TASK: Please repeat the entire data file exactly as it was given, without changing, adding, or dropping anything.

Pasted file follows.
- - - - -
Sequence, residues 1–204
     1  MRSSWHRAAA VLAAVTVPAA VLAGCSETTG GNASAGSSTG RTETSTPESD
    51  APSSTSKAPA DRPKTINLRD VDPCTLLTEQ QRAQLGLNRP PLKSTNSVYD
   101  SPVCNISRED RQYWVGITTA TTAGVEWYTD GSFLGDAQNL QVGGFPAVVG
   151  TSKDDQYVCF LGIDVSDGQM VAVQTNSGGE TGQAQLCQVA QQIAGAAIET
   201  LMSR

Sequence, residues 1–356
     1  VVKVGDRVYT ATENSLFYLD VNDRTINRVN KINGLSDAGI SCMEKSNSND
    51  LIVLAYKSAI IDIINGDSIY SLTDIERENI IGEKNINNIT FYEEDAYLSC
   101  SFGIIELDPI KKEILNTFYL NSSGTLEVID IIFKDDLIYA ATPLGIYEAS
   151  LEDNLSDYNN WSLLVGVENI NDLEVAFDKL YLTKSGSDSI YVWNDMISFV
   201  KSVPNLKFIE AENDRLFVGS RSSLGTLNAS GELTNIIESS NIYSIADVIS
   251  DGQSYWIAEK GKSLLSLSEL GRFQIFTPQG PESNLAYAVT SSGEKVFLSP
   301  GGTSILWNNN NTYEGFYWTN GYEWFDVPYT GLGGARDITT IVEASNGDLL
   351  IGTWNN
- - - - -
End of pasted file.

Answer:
Sequence, residues 1–204
     1  MRSSWHRAAA VLAAVTVPAA VLAGCSETTG GNASAGSSTG RTETSTPESD
    51  APSSTSKAPA DRPKTINLRD VDPCTLLTEQ QRAQLGLNRP PLKSTNSVYD
   101  SPVCNISRED RQYWVGITTA TTAGVEWYTD GSFLGDAQNL QVGGFPAVVG
   151  TSKDDQYVCF LGIDVSDGQM VAVQTNSGGE TGQAQLCQVA QQIAGAAIET
   201  LMSR

Sequence, residues 1–356
     1  VVKVGDRVYT ATENSLFYLD VNDRTINRVN KINGLSDAGI SCMEKSNSND
    51  LIVLAYKSAI IDIINGDSIY SLTDIERENI IGEKNINNIT FYEEDAYLSC
   101  SFGIIELDPI KKEILNTFYL NSSGTLEVID IIFKDDLIYA ATPLGIYEAS
   151  LEDNLSDYNN WSLLVGVENI NDLEVAFDKL YLTKSGSDSI YVWNDMISFV
   201  KSVPNLKFIE AENDRLFVGS RSSLGTLNAS GELTNIIESS NIYSIADVIS
   251  DGQSYWIAEK GKSLLSLSEL GRFQIFTPQG PESNLAYAVT SSGEKVFLSP
   301  GGTSILWNNN NTYEGFYWTN GYEWFDVPYT GLGGARDITT IVEASNGDLL
   351  IGTWNN